In The Frame: Art Recommended by Bitch Readers
When I started this guest blog I was overwhelmed with your brilliant suggestions for artists to explore, and I followed up on as many of your tips as possible. Here is a taste of what Bitch readers recommend—I hope you'll discover someone who inspires you!
[Daphne Odjig, Mother Earth Struggling for Her Life, 1975].
Daphne Odjig: A First Nation artist of Canada, Odjig's work deals with the displacement of Indigenous Canadians such as herself, and also her relationship to the earth, which she feels is being destroyed by selfish human behavior like deforestation and pollution. There is a really expressive quality to an Odjig painting, with its bold colors and swirling, spherical figures, which seem to move off the canvas.
[Charlotte Salomon's Life? Or Theatre? series].
Charlotte Salomon: A victim of the Nazi regime, Salomon died in Auschwitz at just 26. She is remembered for her intense collection of almost 800 gouache paintings, called "Life? Or Theatre?" They are deeply personal and often simplistic, making them feel almost like diary entries. It makes for harrowing art when you realize the horrors of what she went through, and that she had so much more to give as an artist and a person.
[Sokuntevy Oeur, Spin Cycle, 2010].
Sokuntevy Oeur: A leading arts figure in Cambodia, Oeur combines folk style with personal anecdotes from her relationships, whether that means depicting a lover or a family scene. There is a depth to her work, and the strong jewel tones she paints with are almost hypnotic. You can find yourself repeatedly looking at an Oeur picture and notice something different every time, particularly her intricate pattern details.
[Destiny Deacon, Adoption, 1993/2000].
Destiny Deacon: Deacon uses humor to try and make the viewer think about life for Indigenous Australians, especially as children, and their struggle for acceptance. Her own experiences contribute to this and she uses them repeatedly as subject matter for her work, alongside the dolls that she gathers up to be protagonists in the narratives she creates.
[Joyce Wieland, Oh Canada, 1971].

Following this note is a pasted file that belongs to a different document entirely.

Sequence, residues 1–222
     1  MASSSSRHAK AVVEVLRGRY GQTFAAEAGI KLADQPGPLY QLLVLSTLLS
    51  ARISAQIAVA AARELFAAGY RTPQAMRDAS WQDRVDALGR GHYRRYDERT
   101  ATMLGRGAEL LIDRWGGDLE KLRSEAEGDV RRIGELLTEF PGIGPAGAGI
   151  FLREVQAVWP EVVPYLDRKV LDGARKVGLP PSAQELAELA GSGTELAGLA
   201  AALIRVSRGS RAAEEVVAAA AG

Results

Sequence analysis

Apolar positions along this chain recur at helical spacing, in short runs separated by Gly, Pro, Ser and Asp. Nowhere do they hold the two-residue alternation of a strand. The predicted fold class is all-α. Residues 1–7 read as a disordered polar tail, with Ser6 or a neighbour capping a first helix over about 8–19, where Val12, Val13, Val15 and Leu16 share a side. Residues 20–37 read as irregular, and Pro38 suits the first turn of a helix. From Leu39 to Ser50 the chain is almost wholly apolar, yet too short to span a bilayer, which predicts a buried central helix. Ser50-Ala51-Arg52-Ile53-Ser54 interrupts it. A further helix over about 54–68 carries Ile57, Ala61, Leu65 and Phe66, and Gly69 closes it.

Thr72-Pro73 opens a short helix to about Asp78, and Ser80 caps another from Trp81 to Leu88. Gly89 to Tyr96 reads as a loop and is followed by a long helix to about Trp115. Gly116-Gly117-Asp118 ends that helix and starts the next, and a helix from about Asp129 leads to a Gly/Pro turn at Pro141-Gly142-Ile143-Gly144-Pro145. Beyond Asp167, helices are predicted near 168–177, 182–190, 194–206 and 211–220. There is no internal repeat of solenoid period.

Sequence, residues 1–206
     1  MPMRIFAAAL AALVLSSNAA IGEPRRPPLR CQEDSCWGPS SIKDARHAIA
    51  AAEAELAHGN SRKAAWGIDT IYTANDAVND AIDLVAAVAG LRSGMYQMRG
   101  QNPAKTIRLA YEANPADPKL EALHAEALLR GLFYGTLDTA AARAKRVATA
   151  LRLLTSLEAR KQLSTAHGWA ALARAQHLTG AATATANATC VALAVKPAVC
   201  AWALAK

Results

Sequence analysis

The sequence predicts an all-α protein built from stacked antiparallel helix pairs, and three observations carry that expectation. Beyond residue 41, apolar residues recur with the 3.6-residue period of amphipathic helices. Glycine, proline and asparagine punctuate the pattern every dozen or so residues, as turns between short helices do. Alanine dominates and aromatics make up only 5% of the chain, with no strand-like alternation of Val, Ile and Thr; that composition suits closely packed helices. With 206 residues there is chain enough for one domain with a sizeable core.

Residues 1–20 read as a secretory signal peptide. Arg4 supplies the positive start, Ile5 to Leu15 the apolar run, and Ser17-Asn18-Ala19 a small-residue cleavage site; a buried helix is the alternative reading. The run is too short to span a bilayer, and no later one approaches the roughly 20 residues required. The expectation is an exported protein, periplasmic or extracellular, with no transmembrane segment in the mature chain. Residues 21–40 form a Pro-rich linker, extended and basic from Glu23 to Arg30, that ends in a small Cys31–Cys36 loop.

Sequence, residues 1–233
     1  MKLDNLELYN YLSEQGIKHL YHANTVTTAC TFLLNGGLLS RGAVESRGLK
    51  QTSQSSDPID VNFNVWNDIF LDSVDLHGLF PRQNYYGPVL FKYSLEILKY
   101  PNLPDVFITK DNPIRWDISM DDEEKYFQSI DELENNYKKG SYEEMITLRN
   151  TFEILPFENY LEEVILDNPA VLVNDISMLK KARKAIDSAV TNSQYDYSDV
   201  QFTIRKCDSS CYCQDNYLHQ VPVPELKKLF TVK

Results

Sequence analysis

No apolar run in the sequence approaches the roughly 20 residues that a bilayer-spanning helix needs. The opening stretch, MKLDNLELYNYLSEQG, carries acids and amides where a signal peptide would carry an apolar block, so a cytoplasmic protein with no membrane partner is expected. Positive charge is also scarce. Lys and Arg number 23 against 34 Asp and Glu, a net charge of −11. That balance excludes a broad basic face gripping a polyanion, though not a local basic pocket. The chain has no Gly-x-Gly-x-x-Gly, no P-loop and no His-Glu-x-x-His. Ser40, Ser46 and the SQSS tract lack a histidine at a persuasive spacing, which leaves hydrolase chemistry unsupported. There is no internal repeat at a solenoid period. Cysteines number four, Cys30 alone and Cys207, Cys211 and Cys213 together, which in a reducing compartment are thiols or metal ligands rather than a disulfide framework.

Joyce Wieland: One of Canada's biggest feminist artists, Wieland puts womanhood first. Her lipstick piece, Oh Canada, takes a really basic idea of a woman's open mouth, and transforms it into an image of unity for female Canadians as they sing the National Anthem. It marks them as one and the same, despite their individual nuances; they all have the same lipstick and apply it in a precise pattern. The use of cosmetics doesn't feel frivolous or too girly here, but it is a simple way of grouping together Wieland's subjects: half of her nation.
[Lisa Solberg, Butterknife, 2010].
Lisa Solberg : "Ever since I was a kid I've said I want to be on the sign of my hometown: 'Welcome to Barrington, IL, birthplace of Lisa Solberg'," she says, and I can't see why they wouldn't want to make it happen. Her work is littered with streaks of paint, dripping lines, scribbles and even metal studs, but it's always engaging and eye-catching; something keeps drawing you in. The canvases feel like stream-of-conscious moments that have been pushed to the limits by a layering process that reveals and conceals different levels for the viewer.
I got even more great recommendations beyond the ones I've mentioned here, but obviously this post couldn't go on indefinitely. I hope that you've enjoyed learning from other readers and seeing what they're into, even in such a small dose. Part of why I love Bitch is its ability to create a forum where we can discuss the issues that interest us, and the link between art and feminism luckily seems to be something that doesn't just resonate with me, but with a lot of you. Keep discovering great artists and shouting about them!
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